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First, Do No Harm

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The American Academy of Pediatrics describes itself as "dedicated to the health and well-being of infants, children, adolescents and young adults." Unfortunately, its new Circumcision Task Force report, published last month in the journal Pediatrics, reveals instead a trade association agenda that desperately seeks to justify and secure reimbursement for a medically-unnecessary surgery that harms children and violates their basic human rights. The self-interest and selective blindness of the AAP report is especially remarkable given the growing condemnation of child circumcision by physician groups and even courts in European and Commonwealth countries, which view the surgery as an outmoded American ritual that serves no therapeutic purpose and causes both short- and long-term harm.

In actuality, the AAP report stops short of recommending circumcision, even as it claims the surgery's benefits outweigh the risks. Yet it states repeatedly that those risks are unknown and devotes not a word to the function and purpose of the foreskin, a normal and integral part of the penis and one that approximately 70 percent of all men worldwide have retained. The United States is virtually alone among developed countries in surgically altering the bodies of baby boys as a routine medical procedure. Rates of male circumcision in European countries are around 10 percent.

Not only does the Task Force report blatantly ignore the ethical obligation of physicians to respect their patients' autonomy and do no harm, it repeatedly calls for doctors to be paid by private insurance or Medicaid for removing healthy, functioning tissue from an infant baby boy who cannot consent to this permanent alteration to his body.

Specifically, the report says:

"Although health benefits are not great enough to recommend routine circumcision for all male newborns, the benefits of circumcision are sufficient to justify access to this procedure for families choosing it and to warrant third-party payment for circumcision of male newborns."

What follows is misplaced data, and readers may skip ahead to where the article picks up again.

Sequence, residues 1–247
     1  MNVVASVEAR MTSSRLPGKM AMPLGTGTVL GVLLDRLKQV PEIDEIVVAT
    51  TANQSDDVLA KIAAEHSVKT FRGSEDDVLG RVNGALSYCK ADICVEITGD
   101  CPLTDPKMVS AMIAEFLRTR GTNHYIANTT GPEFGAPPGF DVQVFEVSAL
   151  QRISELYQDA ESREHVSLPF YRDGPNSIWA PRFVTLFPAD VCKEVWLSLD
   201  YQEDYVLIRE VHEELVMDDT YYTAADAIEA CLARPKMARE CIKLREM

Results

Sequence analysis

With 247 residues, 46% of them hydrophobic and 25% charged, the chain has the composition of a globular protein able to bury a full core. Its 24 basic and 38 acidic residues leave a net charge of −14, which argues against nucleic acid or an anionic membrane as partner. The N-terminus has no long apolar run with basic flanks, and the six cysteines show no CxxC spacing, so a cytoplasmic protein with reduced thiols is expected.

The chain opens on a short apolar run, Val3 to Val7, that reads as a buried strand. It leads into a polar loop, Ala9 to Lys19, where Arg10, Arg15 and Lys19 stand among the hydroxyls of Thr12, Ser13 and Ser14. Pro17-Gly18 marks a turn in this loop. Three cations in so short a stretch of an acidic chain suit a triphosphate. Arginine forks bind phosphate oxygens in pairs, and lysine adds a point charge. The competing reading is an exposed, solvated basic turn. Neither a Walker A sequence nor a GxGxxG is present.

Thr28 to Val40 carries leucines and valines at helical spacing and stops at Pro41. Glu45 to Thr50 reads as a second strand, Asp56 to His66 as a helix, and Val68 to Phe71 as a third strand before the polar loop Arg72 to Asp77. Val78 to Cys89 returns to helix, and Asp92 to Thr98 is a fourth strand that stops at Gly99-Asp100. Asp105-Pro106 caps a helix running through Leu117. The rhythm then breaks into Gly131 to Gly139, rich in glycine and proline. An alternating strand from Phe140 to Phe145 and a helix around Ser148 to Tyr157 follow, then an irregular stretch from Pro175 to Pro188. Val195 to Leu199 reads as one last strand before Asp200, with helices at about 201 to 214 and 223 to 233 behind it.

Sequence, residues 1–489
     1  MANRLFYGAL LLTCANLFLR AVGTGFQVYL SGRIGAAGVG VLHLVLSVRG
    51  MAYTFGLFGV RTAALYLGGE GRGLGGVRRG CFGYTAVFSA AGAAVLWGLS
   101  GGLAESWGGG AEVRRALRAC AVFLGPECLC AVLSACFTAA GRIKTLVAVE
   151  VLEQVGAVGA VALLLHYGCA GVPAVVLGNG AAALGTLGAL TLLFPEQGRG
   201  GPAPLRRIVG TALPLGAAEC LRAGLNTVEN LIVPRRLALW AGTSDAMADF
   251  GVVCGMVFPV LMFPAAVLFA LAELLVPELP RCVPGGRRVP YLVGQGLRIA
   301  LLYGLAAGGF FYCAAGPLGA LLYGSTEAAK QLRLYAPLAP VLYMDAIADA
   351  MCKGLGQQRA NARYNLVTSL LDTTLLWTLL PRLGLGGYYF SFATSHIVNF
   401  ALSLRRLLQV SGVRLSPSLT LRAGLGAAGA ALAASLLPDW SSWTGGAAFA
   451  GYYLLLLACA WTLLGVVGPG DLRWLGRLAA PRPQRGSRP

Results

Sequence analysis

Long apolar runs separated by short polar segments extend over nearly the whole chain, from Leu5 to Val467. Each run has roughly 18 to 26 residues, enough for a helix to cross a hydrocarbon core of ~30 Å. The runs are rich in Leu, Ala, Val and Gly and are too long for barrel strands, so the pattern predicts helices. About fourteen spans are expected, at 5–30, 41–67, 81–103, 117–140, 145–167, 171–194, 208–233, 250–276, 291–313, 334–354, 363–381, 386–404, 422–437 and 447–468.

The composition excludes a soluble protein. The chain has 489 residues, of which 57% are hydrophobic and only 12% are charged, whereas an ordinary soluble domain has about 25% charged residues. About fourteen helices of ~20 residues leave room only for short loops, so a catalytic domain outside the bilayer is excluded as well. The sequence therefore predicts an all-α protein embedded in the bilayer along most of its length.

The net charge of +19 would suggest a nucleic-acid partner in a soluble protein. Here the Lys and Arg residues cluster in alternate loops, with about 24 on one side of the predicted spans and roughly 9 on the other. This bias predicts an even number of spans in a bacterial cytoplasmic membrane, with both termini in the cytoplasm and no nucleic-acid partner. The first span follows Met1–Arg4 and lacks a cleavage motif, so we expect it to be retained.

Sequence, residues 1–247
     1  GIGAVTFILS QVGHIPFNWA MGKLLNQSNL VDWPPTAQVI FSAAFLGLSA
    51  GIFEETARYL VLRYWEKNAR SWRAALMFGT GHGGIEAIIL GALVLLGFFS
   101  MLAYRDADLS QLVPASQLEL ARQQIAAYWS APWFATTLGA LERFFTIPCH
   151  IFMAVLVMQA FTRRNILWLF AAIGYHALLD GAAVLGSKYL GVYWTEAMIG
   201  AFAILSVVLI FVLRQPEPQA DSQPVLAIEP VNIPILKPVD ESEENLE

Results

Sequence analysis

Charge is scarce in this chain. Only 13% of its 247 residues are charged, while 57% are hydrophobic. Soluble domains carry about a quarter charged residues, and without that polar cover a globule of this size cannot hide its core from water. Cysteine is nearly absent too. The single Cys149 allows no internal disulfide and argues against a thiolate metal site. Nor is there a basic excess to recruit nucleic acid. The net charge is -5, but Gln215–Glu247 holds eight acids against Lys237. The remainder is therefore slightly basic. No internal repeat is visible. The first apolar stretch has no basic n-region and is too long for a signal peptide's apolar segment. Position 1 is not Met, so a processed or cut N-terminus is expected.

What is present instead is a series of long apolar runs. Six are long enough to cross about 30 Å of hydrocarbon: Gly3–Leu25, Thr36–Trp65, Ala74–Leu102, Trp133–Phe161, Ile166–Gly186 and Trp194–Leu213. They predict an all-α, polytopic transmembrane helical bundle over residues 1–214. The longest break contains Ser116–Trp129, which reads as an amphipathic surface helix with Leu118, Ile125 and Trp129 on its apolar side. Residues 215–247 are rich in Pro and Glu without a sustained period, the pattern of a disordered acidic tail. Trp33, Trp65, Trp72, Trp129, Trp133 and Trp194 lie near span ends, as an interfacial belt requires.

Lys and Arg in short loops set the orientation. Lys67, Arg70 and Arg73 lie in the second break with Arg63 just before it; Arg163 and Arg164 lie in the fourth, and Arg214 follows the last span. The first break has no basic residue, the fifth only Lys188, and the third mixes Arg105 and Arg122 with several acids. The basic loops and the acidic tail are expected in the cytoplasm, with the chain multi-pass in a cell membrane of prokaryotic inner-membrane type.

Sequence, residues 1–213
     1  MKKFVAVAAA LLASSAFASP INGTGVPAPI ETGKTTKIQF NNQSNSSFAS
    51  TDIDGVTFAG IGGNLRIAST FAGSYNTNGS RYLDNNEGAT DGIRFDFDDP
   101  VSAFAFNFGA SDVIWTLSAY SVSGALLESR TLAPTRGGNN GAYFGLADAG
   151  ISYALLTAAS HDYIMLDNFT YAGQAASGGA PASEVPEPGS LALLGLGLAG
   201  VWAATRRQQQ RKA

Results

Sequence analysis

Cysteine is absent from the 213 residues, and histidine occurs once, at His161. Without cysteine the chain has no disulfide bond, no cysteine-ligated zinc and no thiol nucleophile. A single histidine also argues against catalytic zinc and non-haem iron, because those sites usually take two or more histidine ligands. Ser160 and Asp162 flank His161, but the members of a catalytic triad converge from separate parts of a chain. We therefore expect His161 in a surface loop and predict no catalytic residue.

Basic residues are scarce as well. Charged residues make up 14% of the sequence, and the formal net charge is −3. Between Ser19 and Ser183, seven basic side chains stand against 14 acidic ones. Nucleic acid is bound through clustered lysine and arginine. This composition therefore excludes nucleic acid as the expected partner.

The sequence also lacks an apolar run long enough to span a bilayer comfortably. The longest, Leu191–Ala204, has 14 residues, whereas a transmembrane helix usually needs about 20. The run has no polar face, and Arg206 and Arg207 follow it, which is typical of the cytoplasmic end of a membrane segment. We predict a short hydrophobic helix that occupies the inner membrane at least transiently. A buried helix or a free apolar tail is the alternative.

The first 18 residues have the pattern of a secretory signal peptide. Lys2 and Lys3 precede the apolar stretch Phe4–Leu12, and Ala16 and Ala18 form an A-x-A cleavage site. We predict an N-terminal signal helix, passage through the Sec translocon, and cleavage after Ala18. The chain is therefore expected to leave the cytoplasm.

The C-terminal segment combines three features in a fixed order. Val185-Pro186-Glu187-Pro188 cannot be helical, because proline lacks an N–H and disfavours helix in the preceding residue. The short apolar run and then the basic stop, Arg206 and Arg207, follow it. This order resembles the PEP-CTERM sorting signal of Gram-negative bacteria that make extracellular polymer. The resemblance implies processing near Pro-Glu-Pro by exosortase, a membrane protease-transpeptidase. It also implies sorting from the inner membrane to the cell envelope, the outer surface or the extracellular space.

The Task Force says that it's the parents' responsibility to decide whether their particular newborn might benefit from being circumcised, though no guidance is given on how parents should make this decision.

In fact, 18 states do not cover circumcisions under Medicaid, and many insurance plans do not cover what the American Medical Association has referred to as a "non-therapeutic" procedure. The newborn circumcision rate is falling steadily in the United States, with current estimates placing it at about 50 percent -- as compared with around 80 percent only a few decades ago.

The decline is attributable to a number of factors, among these, immigration from countries where intact boys and men are considered normal and healthy and a growing awareness among parents that the surgery is unnecessary and -- indeed -- painful, risky, and harmful. These parents are as loathe to circumcise their infant sons as they would be to assent to the genital cutting of their daughters, a practice popular in parts of Africa and the Muslim world but outlawed in most Western countries, including the United States.

Nonetheless, for 2012 alone, the toll of American baby boys tied down and surgically altered will number 1 million (no baby "consents" to circumcision, as a fleeting glance at an infant circumcision on video or in the flesh will make clear). This is a human rights violation on a massive scale.